All of these special values have one thing in common: If you see them, it's probably a bug. Typically they will arise when somebody fails to do proper error checking and ends up treating an error code as if it were a valid return value. (The special values 0, -1, and 0xFFFFFFFF are often used as error codes.)


Further Resources

  • 1
    @mt025 .... if you are fine with fixing the NTFS file stamps for the date modified attribute, yes you can go ahead with touch to make those attributes newer than the erroneous 12-31-1969 date and that should be a simply fix. There are also PowerShell commands you can run to update files as discovered if you wish but touch should work just fine too if that's the tool you are already familiar with for the task. You can use PowerShell: Set-ItemProperty -Path "<C:\Folder\Filename.jpg>" -Name LastWriteTime -Value "<MM/DD/YYYY hh:mm:ss>" like this to adjust CreationTime or LastAccessTime too – Pimp Juice IT Jan 13 at 20:26
  • Thanks for the answer, these files are quite new, so the dates would have been in the last 10 years. However, the last part seems to explain why it happened. I suspect windows or another application has messed with these dates. So you don't think its just any type of file corruption and its more likely that another application has tried to set these dates incorrectly? – mt025 Jan 13 at 20:52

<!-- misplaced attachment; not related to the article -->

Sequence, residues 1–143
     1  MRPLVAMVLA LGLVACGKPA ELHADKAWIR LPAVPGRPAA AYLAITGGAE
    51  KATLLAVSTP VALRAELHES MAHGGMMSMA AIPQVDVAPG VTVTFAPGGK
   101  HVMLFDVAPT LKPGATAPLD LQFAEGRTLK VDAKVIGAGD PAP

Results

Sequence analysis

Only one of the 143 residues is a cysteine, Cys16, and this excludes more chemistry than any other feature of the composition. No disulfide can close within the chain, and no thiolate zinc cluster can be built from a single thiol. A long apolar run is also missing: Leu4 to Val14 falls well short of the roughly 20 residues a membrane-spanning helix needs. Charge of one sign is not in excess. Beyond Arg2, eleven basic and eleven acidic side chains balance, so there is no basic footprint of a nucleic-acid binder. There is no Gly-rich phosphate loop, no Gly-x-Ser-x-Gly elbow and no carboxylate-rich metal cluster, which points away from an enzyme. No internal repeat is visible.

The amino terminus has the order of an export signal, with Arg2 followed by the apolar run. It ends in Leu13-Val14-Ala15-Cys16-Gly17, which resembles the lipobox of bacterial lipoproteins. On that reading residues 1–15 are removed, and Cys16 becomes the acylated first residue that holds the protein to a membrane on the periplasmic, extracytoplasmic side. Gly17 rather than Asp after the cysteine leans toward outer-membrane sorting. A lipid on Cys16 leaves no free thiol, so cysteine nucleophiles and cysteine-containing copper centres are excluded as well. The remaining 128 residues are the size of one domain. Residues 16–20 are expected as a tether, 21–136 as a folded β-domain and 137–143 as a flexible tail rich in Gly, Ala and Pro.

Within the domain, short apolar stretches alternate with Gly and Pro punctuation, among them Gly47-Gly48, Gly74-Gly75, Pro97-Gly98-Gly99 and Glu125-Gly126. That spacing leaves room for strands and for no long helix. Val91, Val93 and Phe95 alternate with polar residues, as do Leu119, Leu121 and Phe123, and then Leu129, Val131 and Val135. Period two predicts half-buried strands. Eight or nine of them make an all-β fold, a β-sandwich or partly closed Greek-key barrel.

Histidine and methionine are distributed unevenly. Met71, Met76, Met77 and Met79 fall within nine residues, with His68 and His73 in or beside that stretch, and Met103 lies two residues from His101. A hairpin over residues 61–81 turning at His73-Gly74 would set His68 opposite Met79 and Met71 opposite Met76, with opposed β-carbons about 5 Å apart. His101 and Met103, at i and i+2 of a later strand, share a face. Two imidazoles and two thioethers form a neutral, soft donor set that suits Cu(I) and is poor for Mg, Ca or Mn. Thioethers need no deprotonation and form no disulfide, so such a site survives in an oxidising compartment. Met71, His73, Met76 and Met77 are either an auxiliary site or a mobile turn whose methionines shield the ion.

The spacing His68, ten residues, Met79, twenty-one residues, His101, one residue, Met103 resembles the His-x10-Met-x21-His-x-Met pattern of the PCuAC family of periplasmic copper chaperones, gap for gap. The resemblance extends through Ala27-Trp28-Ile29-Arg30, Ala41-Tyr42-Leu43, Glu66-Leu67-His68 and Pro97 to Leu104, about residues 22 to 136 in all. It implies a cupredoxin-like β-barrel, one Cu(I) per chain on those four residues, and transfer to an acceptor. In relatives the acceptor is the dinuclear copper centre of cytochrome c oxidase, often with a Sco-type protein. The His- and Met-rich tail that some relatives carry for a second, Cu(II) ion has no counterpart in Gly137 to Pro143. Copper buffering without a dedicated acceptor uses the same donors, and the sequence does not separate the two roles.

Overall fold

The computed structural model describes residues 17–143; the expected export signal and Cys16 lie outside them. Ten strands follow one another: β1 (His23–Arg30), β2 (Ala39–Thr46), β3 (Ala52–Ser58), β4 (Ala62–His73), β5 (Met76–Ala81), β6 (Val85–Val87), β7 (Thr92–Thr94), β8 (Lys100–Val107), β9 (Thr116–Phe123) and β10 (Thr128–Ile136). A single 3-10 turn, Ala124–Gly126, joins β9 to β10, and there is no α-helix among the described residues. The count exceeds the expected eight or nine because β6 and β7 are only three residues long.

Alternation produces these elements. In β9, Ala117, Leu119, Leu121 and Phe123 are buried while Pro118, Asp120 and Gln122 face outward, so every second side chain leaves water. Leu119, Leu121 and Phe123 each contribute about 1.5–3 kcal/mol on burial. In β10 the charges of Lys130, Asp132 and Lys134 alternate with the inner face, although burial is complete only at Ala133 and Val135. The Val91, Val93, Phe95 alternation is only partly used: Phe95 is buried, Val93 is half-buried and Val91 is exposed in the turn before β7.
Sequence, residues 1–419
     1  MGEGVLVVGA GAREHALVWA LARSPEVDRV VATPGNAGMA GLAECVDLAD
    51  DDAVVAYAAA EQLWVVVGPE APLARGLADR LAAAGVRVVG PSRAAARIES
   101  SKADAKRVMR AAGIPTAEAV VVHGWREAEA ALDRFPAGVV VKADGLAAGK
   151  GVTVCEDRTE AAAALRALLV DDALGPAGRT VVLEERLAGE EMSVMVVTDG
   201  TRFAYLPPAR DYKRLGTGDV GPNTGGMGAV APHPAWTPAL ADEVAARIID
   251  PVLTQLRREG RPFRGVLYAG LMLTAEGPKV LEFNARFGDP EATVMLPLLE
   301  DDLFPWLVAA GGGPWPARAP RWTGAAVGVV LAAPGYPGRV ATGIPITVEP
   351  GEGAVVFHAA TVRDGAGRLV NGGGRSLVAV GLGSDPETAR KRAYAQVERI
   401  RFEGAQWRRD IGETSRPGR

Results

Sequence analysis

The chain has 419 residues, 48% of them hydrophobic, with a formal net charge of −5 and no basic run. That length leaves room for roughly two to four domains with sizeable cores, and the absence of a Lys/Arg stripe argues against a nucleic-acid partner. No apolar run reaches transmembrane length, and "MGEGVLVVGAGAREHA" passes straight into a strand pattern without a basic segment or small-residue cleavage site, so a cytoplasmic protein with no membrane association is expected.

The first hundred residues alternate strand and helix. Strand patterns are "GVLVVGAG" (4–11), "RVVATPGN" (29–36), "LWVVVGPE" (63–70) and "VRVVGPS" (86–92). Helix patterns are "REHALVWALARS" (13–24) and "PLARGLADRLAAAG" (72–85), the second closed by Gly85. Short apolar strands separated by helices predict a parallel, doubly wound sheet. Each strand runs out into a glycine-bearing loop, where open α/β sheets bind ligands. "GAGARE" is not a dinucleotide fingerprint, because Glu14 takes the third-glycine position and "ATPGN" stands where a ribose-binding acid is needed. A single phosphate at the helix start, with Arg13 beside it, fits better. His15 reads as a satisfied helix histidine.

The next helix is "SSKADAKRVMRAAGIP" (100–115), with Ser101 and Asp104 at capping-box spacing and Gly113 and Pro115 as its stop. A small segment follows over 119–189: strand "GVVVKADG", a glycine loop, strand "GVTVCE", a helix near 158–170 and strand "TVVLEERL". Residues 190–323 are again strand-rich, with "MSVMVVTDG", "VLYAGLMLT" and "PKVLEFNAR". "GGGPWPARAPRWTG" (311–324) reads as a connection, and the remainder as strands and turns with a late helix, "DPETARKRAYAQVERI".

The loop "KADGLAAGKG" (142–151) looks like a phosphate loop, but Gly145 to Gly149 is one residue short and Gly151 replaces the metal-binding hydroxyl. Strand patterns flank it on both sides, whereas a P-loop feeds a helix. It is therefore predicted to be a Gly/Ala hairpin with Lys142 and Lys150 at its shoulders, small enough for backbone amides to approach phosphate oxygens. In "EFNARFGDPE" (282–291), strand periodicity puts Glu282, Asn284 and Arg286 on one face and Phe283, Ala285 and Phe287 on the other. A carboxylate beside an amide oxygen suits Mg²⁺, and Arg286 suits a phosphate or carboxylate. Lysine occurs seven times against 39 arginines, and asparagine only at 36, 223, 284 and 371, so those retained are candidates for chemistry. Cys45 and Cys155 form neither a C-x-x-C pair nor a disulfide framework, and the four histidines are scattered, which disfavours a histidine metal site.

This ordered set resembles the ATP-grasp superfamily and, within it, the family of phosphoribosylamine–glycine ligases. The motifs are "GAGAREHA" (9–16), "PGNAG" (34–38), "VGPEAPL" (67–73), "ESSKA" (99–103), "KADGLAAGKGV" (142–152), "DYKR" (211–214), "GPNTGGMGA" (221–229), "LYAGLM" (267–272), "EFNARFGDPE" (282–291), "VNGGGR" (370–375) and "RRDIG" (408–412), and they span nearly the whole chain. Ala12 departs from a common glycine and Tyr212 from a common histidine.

• It's a 6TB SATA drive. Just 1 large partition. I normally unplug it during install time, it was a clean install. I moved the default user locations after install. – mt025 Jan 13 at 22:05

Your date fields were destroyed by the upgrade to Windows 10 version 1809, as a result of one of its numerous file-destroying bugs. As the earlier possible date in Windows is January 1st, 1970, your date fields have been set to zero (or maybe -1).

If you wish to recover the original dates, your only option is to return these files from backup. If you don't have backups, you may reset all dates of files and folders on disk U to some arbitrary date, just so they don't stay blank.

Some tools that can be used are:

  • File Date Corrector ($20)
    This is the only tool that will try to figure out the original dates from meta-data included in suitable files such as documents and images. In trial mode it will show the changes that the paid version will execute.

  • BulkFileChanger by Nir Sofer with tutorial.

  • Attribute Changer
    A Windows Explorer add-on used via right-click.

If these are not enough, you will find a few more in the article
5 Free Software to Bulk Change File Timestamp in Windows.

  • I think you hit the nail on the head that this is related to the "file-destroying" bugs in windows. In was skeptical at first, however I can see that only my pictures, downloads, documents, music, videos are affected. All the other directories are fine. – mt025 Jan 13 at 20:54
  • These types of files are the ones that have the most chance of having useful meta-data that can be used by the product File Date Corrector. You may test the trial version, but unfortunately there is that $20 price. – harrymc Jan 13 at 21:14
  • For images from cameras that contain EXIF data, the free ExifTool might be useful. – harrymc Jan 13 at 21:18